As for Rihanna’s favorite accessory, I’m already choking, as are you, on this celebrity-forced-fed diet we’re being fed by the media. Next! (Or not.)

Have a great weekend!

  1. Steve,
    I think the results of your Google search portend great things for the wine industry – we are becoming a normal part of American culture! For so long wine has sat upon its laurels at the top of the mountain yet asking that everyone enjoy it – being unattainable and attainable at the same time is a challenge to say the least! So, the fact that wine writing covers topics of airlines and wine, fashion (t-shirts instead of ball gowns) and other topics that would have seemed trite 25 years ago is great news! Let us hope that wine continues to become an increasing part of the everyday American vernacular and that we as an industry embrace that everyone should be able to access, enjoy, read about and write about wine as a part of our lives!

  2. John Logan says:

    “Delta pays a sommelier to pick wine for its flights—here’s her wine tasting advice”

    Did you know that the Somm they hired was Master Sommelier Andrea Immer Robertson? Do you think she is BS?

  3. Camron – there is truth in what you say. I just wish we could find a balance between the “top of the mountain” elitism, and the vulgarity and triteness of this celebrity culture that has taken over the news.

  4. Pretty sure this article could have been condensed to a single sentence of: “Hey kids, get off my lawn.”

  5. Funny Steve, and you can’t make this stuff up!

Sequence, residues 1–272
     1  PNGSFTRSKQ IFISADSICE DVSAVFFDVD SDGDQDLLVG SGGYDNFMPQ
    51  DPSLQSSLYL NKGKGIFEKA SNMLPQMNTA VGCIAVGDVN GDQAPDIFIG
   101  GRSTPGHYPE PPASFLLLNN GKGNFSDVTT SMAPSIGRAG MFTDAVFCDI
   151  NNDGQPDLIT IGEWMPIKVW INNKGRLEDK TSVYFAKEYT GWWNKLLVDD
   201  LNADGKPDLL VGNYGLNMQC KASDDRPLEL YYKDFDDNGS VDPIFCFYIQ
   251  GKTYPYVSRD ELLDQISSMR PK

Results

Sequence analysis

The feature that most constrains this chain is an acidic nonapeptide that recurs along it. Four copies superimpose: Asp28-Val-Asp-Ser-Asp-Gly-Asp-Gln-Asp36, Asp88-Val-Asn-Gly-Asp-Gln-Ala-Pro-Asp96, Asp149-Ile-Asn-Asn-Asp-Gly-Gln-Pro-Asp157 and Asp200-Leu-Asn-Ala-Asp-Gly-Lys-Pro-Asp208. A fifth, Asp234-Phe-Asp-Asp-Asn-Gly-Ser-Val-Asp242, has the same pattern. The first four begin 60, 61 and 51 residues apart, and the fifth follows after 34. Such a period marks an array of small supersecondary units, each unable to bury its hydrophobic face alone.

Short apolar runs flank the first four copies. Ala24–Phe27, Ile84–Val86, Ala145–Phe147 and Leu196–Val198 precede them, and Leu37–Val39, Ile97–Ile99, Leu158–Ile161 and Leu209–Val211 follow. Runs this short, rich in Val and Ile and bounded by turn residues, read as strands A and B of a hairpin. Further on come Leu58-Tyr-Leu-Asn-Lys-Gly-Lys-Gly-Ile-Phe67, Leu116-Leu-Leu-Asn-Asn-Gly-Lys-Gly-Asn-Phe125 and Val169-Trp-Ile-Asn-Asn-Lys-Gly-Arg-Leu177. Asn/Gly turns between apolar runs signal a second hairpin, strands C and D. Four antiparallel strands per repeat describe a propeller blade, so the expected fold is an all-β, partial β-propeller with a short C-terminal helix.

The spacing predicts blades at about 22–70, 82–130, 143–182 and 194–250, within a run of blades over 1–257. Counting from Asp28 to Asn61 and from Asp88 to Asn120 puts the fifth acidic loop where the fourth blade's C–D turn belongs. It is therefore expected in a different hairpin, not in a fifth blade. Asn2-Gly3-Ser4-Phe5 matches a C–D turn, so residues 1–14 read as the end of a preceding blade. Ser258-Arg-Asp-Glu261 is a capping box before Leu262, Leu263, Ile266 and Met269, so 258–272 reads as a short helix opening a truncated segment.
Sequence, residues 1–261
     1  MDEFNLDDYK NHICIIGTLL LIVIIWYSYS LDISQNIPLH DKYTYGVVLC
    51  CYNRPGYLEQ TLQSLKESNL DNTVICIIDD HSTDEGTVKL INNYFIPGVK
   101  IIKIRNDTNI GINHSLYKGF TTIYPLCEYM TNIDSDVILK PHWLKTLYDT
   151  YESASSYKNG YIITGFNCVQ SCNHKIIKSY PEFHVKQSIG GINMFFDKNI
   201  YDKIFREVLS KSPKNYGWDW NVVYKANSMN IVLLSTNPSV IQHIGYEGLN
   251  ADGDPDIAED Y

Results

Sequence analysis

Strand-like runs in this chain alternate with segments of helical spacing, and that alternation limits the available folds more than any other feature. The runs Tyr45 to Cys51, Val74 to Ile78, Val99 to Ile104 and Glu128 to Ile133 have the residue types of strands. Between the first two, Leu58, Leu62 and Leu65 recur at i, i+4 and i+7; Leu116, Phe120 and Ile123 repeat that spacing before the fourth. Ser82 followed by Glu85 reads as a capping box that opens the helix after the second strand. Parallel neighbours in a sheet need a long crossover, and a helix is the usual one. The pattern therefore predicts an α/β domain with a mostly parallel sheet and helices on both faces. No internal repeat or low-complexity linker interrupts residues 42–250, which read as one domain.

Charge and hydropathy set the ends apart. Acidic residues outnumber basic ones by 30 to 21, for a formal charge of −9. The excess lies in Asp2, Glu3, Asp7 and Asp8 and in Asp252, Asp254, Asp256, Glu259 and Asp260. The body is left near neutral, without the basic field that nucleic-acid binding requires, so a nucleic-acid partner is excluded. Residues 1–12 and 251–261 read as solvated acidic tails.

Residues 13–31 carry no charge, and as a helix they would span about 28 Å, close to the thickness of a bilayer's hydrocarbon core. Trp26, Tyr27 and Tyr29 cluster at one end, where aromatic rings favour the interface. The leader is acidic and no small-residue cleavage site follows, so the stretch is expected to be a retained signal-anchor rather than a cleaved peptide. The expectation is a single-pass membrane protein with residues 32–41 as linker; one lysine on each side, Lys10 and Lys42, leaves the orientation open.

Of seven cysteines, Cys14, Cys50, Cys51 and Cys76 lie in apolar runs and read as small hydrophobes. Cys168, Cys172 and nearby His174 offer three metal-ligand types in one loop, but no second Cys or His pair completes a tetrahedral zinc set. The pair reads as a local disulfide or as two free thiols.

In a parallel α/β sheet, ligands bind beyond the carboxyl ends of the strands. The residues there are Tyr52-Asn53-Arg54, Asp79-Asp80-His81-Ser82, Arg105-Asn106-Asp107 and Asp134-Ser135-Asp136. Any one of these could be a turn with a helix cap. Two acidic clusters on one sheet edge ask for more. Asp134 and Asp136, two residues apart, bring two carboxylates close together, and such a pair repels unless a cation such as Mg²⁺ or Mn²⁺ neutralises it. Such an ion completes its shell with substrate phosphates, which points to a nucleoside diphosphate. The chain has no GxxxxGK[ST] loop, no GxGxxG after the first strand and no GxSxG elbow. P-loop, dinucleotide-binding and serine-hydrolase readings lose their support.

You should have posted this last week during the 9th annual Wine Bloggers Conference in Lodi! Next year is in Sonoma. See you there?
    Carl

  6. Dear Carl Giavanti, I doubt very much if I’ll ever be at another Wine Bloggers Conference. But thanks for your well wishes!

  7. Bob Henry says:

    “Throughout the history of the English-speaking people writing about wine was reserved to the smartest, most literate among us. . . .”

    There is this socio-economic consideration: only the upper class drank fine wine throughout the arc of history.

    And the upper class were the best educated (smartest) and most literate in society.

    “‘Never spill your wine again.’ I wasn’t aware that spilling wine was a major issue in America. I almost never spill my own wine, and as I am not a particularly well-coordinated person, I doubt that there are many people who spill their wine more than I do. So I have absolutely no need for any device or technique to prevent me from doing so.”

    Wine Enthusiast magazine used to sell through its mail order wine accessories catalog the Riedel “Tyrol” series wine glasses.

    A stemless design with a heavy flat bottom base and low center of gravity, they were used on the Orient Express to resist sliding across tabletops from the swaying motion of the train.

    http://www.wineenthusiast.com/powerreviewsdata/pwr/product-reviews/Glassware/Wine-Glasses/Riedel/p/21041-Riedel-Tyrol-Cabernet-Wine-Glasses-Set-of-2.html

  8. Why should wine reporting be immune to the deterioration of all reporting on any topic?